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Groundwater Level and Subsidence in the Texas Gulf Coast


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USGA Science in support of groundwater sustainability. Presented by Michael J. Turco, Mark C. Kasmarek, Michaela R. Johnson, and Jason K. Ramage. at the TWCA Fall Conference 2012

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Groundwater Level and Subsidence in the Texas Gulf Coast

  1. 1. Groundwater Level and Subsidence inthe Texas Gulf Coast – USGS Sciencein support of groundwatersustainability By Michael J. Turco, Mark C. Kasmarek, Michaela R. Johnson, and Jason K. Ramage In cooperation with the Harris-Galveston Subsidence District, City of Houston, Fort Bend Subsidence District, Lone Star Groundwater Conservation District , and Brazoria County Groundwater Conservation District T B R E O B U D N F D E X A T S S T IC U B S R ID E ST N CE DI
  2. 2. Who is the USGS?• Mission: The U.S. Geological Survey (USGS) serves the Nation by providing reliable scientific information to describe and understand the Earth; minimize loss of life and property from natural disasters; manage water, biological, energy, and mineral resources; and enhance and protect our quality of life.• As the Nations largest water, earth, and biological science and civilian mapping agency, the USGS collects, monitors, analyzes, and provides scientific understanding about natural resource conditions, issues, and problems. The diversity of our scientific expertise enables us to carry out large-scale, multi-disciplinary investigations and provide impartial scientific information to resource managers, planners, and other customers.
  3. 3. GAMEPLAN• Introduction• Groundwater level – Hydrogeology – Summary results of 2011-2012 survey• Subsidence – Clay-compaction and Subsidence – Methods of Measure – Recent subsidence• Modeling• Summary
  4. 4. Study Area
  5. 5. Houston Climate 2011
  6. 6. GROUNDWATER LEVELS• USGS measures water-level in about 800 wells annually• Specific criteria is followed when adding a well to the network; always looking to expand network• Measured data are compared over several temporal ranges on a well by well basis• Three primary water bearing units within the Gulf Coast Aquifer System (Chicot, Evangeline, and Jasper)• Water-levels measured and quality-assured following USGS documented methods• All maps peer-reviewed and published annually
  7. 7. Hydrogeology
  8. 8. 2012 Chicot Aquifer Network
  9. 9. 2011-2012 Chicot Water Level Change
  10. 10. Explanation Decline No Change RiseC.I. 20 ft -100 to 200 1977-2012 Chicot Water Level Change
  11. 11. Hydrogeology
  12. 12. 2012 Evangeline Aquifer Network
  13. 13. 2011-2012 Evangeline Water Level Change
  14. 14. Explanation Decline No Change Rise C.I. 20 & 40 ft -360 to 260 1977-2012 Evangeline Water Level Change
  15. 15. Hydrogeology
  16. 16. 2012 Jasper Aquifer Network
  17. 17. 2011-2012 Jasper Water Level Change
  18. 18. C.I. 20 ft -220 to 0 2000-2012 Jasper Water Level Change
  19. 19. SUBSIDENCE• Subsidence associated with shallow fluid withdrawal in the TX Gulf Coast Region has been studied by USGS and others since the ~1950s• Goose Creek Oil Field first documented case (Pratt and Johnson, 1926)• USGS has estimated that about 15 feet of subsidence has occurred along the Houston Ship Channel since 1917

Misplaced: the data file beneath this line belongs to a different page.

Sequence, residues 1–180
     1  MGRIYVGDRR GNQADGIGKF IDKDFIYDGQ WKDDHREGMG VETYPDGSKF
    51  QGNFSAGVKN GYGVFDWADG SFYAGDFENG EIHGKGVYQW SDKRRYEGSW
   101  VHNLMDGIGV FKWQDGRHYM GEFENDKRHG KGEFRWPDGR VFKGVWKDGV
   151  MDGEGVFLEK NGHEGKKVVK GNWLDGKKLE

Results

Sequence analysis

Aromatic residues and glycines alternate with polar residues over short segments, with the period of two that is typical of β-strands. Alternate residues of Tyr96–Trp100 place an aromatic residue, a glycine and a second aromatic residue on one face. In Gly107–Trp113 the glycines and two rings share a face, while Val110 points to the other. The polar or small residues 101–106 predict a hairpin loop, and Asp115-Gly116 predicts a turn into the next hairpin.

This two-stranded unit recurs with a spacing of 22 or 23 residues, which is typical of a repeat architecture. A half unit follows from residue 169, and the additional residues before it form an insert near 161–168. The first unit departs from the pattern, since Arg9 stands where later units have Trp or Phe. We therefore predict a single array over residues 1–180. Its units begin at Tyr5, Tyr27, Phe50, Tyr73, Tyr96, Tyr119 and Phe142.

20. 20. Clay Compaction
  21. 21. How do you measure subsidence?• Borehole extensometer – Modified deep well used in Houston, California, China, Mexico• 1st order leveling – Reoccupy benchmarks from Waco to Galveston• PAM-GPS network – Sub-cm accuracy at established benchmarks reoccupied periodically over time• Historical LIDAR comparisons – Comparison of recent LIDAR data and historical topography• InSAR – Satellite based method of detecting subtle land-surface change over large areas
  22. 22. SIM Sheet 15Borehole Extensometer Locations, Texas, USA
  23. 23. Extensometer
  24. 24. Harris County Liberty County Chambers CountyFort Bend County Brazoria County Galveston County Updip Extensometer Data
  25. 25. Harris County Liberty County Chambers County Fort Bend County Galveston County Brazoria CountySIM Sheet 16 Pasadena and Clear Lake Extensometer Data
  26. 26. Estimated Subsidence 1915-2001
  27. 27. PAM-GPS Land Surface Elevation Change
  28. 28. Recent Subsidence Estimated using PAM-GPS Data
  29. 29. PAM-GPS Horizontal and Vertical Velocity field
  30. 30. Estimated Subsidence usingInSAR analysis and PAM-GPS Data
  31. 31. Estimating future subsidence• Requires substantial historical information• PRESS Models – developed by FUGRO Inc. to predict subsidence based detailed local hydrogeologic data and predicted changes in water level• MODFLOW Model – developed by USGS; multiple evolutions over the last 25+years; simulates water- level and subsidence regionally
  32. 32. Estimating Future subsidence
  33. 33. Summary• Groundwater data collected today, although maybe used for an immediate resource need, become more valuable as time moves on. Without data today, the ability to evaluate the effects of changing water use, regulatory strategies, or new water sources is greatly diminished.• A long history of collaboration and data collection as resulted in a robust data set used by multiple agencies to manage the groundwater resource and minimize subsidence in the Houston area.• Subsidence monitoring as evolved over the last 35 years, multiple approaches to evaluating past and current subsidence has yielded a strong data set used to calibrate models that can then predict future subsidence based estimated water needs and aquifer response.
  34. 34. Water Use and Water Availability – USGS Science in support ofgroundwater sustainability with case study in Houston, Texas, USA QUESTIONS? CONTACT: USGS Texas Water Science Center Gulf Coast Program Office The Woodlands, Texas Ph: 936-271-5300